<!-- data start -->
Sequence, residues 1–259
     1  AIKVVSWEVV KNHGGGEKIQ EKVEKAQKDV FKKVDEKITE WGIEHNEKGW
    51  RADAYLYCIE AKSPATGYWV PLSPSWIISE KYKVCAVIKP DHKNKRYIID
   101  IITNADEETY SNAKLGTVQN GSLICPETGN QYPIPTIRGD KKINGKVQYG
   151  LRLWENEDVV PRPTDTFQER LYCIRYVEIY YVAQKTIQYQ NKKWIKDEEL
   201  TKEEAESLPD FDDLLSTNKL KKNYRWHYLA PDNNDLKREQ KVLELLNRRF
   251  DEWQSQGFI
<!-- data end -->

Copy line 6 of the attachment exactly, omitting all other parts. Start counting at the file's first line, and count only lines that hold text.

   201  TKEEAESLPD FDDLLSTNKL KKNYRWHYLA PDNNDLKREQ KVLELLNRRF